I just tested this last Thursday. There were many times I would go on allnurses.com for advice. I recently found out I passed so I also want to share my experience with you
Here's a little tid bit about me: It has been the craziest past 2 years of my life. I was enrolled for the MANE program in Minnesota which consisted of 3 semesters instead of the usual 4 semesters. There was a lot more content compiled in each semester. I was always an average grade student in Nursing school
. Moreover, I was one of those students that did not have any prior medical experience as my fellow cohorts did. However, I did my best effort to pass my ADN program. I actually studied too much for the exams that I did not even bother to focus on the NCLEX during my last semester. We had to take the ATI predictor test and I believe I scored less than 30-40% chance of passing the NCLEX. Most of my classmates had an 85% or more. I thought I would just focus on my NCLEX after graduating. During the first half of Summer though, my sister was getting married and I had a family trip overseas. I wasn't able to study much at all until it was all over.
Be very organized. Have a study plan.
Research everything you need to know about the exam
- so you know not to rush through to finish.
- content you want to cover and study weaknesses.
- What to expect and not do. High security testing
Buy your study materials off ebay and amazon
. The prices are often cheaper than what is retailed.
Materials I used were:
Saunders Comprehensive Review
- Great for reviewing content
- Everything you need to know is condensed down to main bullet points
- I was going to make this my only main source of studying until I tried reading through the book. I knew cramming my head with all of the information was not realistic.
- I read first half of the book, the first couple of chapters REALLY helped me gain knowledge in fundamentals and answer questions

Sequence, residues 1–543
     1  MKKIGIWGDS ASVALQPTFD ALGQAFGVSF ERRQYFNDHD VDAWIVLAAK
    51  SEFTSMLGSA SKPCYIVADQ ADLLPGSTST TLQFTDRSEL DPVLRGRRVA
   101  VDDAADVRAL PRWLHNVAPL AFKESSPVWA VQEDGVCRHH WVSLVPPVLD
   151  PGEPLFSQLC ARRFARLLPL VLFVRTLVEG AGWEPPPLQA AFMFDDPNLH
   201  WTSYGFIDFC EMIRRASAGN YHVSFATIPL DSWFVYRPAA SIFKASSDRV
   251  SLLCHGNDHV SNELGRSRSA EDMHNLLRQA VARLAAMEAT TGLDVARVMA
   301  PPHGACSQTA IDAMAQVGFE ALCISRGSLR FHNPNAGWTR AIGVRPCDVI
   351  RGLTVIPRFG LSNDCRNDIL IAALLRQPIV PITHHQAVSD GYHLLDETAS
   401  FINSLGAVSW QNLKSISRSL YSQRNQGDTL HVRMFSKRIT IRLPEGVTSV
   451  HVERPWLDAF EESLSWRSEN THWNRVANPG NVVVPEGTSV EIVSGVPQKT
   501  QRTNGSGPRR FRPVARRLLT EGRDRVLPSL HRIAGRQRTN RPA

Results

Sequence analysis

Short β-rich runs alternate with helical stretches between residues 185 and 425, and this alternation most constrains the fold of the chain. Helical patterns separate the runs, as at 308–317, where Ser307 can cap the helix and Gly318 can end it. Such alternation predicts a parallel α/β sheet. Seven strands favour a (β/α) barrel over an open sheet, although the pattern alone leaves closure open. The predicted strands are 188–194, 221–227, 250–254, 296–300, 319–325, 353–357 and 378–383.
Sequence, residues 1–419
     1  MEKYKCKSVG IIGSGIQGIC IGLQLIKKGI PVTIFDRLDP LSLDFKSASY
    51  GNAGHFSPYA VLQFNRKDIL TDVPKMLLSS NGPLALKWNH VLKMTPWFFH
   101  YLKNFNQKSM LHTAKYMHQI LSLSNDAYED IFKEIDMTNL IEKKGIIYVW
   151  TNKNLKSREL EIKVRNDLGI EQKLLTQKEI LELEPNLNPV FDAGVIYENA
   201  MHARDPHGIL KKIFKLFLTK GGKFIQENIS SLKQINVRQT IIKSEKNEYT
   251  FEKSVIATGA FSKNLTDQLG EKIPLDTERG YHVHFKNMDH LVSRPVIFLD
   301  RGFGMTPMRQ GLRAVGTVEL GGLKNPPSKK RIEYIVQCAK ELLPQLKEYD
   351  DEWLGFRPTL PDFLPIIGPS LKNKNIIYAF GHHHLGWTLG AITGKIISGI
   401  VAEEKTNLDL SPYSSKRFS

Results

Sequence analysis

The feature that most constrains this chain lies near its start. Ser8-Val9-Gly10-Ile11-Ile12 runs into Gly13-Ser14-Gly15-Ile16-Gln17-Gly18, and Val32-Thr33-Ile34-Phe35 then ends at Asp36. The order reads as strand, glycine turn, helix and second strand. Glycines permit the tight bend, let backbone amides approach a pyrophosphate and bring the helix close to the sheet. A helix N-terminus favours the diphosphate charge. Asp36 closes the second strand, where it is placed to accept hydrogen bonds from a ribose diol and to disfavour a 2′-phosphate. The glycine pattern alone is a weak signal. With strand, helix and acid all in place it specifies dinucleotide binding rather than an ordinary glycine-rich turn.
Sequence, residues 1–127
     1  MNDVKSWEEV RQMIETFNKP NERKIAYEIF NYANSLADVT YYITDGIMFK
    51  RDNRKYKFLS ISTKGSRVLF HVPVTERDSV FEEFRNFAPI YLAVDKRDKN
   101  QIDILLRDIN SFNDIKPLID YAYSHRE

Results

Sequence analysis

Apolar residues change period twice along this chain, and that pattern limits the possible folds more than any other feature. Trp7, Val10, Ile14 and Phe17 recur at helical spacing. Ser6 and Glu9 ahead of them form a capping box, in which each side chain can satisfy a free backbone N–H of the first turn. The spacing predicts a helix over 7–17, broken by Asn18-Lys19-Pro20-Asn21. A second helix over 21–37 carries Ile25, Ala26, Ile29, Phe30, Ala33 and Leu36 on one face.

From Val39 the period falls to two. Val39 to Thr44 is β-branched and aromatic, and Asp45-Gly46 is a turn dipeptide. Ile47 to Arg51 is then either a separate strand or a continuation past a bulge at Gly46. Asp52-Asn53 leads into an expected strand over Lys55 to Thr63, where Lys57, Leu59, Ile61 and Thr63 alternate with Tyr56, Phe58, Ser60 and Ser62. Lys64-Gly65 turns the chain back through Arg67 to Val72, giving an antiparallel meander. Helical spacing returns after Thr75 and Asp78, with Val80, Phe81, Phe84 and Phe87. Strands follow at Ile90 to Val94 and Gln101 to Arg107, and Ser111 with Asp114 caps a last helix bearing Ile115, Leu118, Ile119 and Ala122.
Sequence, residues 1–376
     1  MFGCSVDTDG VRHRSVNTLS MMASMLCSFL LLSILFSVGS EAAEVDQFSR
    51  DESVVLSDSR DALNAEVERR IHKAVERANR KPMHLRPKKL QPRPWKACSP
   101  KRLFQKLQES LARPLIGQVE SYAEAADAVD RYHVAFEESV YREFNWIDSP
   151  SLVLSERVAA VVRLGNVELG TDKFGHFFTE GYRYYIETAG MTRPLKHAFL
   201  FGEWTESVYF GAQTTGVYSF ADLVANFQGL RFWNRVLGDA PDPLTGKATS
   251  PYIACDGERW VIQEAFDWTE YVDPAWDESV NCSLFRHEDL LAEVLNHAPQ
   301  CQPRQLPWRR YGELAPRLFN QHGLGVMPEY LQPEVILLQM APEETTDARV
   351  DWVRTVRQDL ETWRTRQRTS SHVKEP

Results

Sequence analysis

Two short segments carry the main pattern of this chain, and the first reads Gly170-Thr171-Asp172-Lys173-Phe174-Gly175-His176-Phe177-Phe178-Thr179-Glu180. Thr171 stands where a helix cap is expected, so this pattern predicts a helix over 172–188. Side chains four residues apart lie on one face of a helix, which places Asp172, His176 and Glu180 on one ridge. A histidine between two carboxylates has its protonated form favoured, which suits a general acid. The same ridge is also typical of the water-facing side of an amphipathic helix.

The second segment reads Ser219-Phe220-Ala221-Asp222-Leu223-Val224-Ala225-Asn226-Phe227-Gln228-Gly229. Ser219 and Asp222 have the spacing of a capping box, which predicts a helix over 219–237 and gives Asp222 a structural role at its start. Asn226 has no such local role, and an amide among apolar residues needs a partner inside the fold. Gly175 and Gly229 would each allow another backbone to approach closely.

- I discovered this wonderful study source from many of my classmates who used it and passed.
- Amazingly detailed rationales. It ended up being my main source of studying.
- I purchased the $75 for 30 days subscription.
- There are about 2000 questions. I spent every day with 60-75 questions.
- Towards the end of my subscription, I vigorously took notes of content I was not familiar with and studied them.
- I referred to most of these rationales to help me during the exam.
- Try to test your knowledge by going through old questions without looking at the rationales to explain why each of the answers are right or wrong
- Many SATA questions also
Lacharity's Prioritization, Delegation and Assignment
- Through research, I found out there would be many priority and delegation questions
- Many people suggested this book so I bought it off amazon.
- $30. It is a workbook that has about 500 questions, rationales and a few case studies.
There is no reading content for any chapter. Just straight up questions. Each chapter has a main topic such as diabetes mellitus, pediatric or fluids and electrolytes.
- Very helpful in delegation especially
- I also took notes and studied them before the actual exam
- I did not look at the case studies. Only worked through the questions
I also supplemented my studying by using the 35 page review that was floating around the internet (helpful tips but some are not accurate to this date), pinterest (if you study well with visuals and pictures), taking questions and reviewing them from NCLEX Mastery, Quizlet and previous ATI practice tests.
Take notice that the more studying materials you use for questions, there will be some information that will contradict eachother. Just do not confuse and fustrate yourself.